Your content or your competitor’s?

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Gated content is not always the best approach to building relationships
Are you in the habit of locking in your high-quality content to force visitors to identify themselves with an email address or other contact details? Traditional marketing philosophy says that approach is critical to collecting highly desirable contact info.  While it might seem like a logical move, the reality is 9 out of 10 decision-makers and influencers do not reveal their identity to commercial players on the net. The mistake many marketers have made is to forget why that is. Those potential buyers want your information; they’re just not yet ready to talk to salespeople. So the question is, do you want to be the educator or do you prefer they go to your competitors for information?
According to a recent Gartner report, buyers spend an average of 7-8 months anonymously scouting the internet for relevant information before they get in touch with potential suppliers or partners. Why? Because they seek substantial, reasonably objective and comparable information. They want to be well prepared for discussions and negotiations without interruption by pushy sales reps. That argues for providing them with as much information as you can.
Experiments prove that it doesn’t work
Having provided ABM content solutions and management for many B2B companies, we have also experimented with locked in content, much like news media systematically do with paid content: An intriguing headline, particularly relevant for your prioritized target companies … the first half of a qualified and well-written story … and then an irritating request for your email address to get the rest of it. Or the enclosed white paper, or report. By monitoring our web visitors’ every move in real-time, we can clearly see that an overwhelming majority don’t do it. And don’t expect high level executives with their overflowing agendas to reveal their contact details that easily.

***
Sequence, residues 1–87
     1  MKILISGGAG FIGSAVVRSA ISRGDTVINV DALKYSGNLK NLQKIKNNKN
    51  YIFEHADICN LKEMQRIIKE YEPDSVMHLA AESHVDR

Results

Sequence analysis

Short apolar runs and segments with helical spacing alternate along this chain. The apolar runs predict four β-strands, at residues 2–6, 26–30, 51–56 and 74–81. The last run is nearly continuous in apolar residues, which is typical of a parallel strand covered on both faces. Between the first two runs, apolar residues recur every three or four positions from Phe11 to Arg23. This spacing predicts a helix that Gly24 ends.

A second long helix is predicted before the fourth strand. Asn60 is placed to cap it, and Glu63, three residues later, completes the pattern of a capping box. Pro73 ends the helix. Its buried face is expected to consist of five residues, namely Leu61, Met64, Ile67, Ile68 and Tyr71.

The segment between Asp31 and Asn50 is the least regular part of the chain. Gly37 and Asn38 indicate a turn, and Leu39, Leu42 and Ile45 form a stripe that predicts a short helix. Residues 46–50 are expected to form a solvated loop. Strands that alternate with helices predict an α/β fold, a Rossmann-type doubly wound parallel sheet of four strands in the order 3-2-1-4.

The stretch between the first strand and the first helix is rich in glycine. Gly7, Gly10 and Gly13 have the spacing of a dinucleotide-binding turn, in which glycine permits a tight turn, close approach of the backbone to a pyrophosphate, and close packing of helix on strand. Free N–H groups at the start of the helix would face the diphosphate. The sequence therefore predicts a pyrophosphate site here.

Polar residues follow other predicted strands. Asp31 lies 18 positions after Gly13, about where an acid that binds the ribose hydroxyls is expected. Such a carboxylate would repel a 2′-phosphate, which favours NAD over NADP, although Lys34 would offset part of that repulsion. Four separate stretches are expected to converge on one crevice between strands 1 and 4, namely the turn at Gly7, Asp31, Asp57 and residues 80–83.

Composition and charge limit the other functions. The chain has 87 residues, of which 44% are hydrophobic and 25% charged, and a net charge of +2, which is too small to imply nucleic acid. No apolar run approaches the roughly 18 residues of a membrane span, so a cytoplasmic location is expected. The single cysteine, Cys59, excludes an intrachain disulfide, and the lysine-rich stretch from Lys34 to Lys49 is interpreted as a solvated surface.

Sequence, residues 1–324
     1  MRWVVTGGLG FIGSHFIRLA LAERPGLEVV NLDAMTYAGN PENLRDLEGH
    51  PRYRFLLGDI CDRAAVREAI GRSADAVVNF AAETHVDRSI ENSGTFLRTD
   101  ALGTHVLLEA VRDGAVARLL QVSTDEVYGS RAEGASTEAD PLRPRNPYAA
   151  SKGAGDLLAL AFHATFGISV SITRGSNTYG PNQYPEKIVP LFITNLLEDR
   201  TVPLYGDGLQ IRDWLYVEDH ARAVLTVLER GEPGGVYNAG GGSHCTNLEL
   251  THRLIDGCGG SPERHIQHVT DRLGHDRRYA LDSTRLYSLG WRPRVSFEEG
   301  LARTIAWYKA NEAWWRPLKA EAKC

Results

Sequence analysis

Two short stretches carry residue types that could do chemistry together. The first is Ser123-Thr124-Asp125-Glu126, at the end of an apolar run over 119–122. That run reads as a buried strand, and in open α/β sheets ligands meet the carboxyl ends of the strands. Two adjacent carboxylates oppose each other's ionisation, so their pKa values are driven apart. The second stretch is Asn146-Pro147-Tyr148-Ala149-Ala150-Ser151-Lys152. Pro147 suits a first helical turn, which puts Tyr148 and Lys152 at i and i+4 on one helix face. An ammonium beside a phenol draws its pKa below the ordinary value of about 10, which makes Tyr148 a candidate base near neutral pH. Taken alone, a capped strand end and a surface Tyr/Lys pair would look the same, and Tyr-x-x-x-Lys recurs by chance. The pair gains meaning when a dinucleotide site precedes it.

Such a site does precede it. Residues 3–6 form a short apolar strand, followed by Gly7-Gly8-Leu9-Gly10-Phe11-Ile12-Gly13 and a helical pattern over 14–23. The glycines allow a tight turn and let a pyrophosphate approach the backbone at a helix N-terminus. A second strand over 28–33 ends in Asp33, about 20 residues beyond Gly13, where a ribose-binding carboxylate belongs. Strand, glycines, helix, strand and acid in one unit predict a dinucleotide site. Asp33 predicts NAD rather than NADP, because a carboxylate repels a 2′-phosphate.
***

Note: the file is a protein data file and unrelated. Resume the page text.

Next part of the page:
It pays to be generous
Wouldn’t it be better to open up your gates for selectively attractive content and continuously monitor the people who go there? See what they do? Monitor how much time they invest in each specific topic, and where they go from there? After all, what’s the use of knowing their name if they don’t want to talk to your sales reps yet?
With ABM, you can do exactly that– address the anonymous buyers and influencers while you  continue to feed them with relevant content. Even if they don’t identify themselves, you can still know which company they’re from. You can even understand their interests based on their behavior.  
Now, if you do want them to reveal themselves to you, there are techniques to do that. Try inviting them to an exclusive, relevant and qualified seminar, or sign up for a periodical newsletter. If what you are producing is informative and useful they would fully appreciate the content that you share with them, and understand why you’d like to know who they are before taking the next step. Ultimately, however, it’s not about knowing their names and titles. It’s about providing them relevant, engaging messaging so that when they are ready to talk to sales, they are already aware and bought into your view of the world.
Make sure you know whom to talk to
Rather than chasing everyone who happens to visit your website or landing page, make sure to open your gates for the relatively few companies that you really want to talk to. The ones that your sales reps, and your key account team in particular, have already identified and prioritized. With a well-planned and executed account-based marketing strategy your marketing and sales teams can join forces to learn everything worth knowing about these companies and their key people.  Customize your site as well as your content to these companies accordingly, and continuously monitor which accounts are more actively looking for what kind of information.
With a smart strategy like that, who needs gated content anyway?

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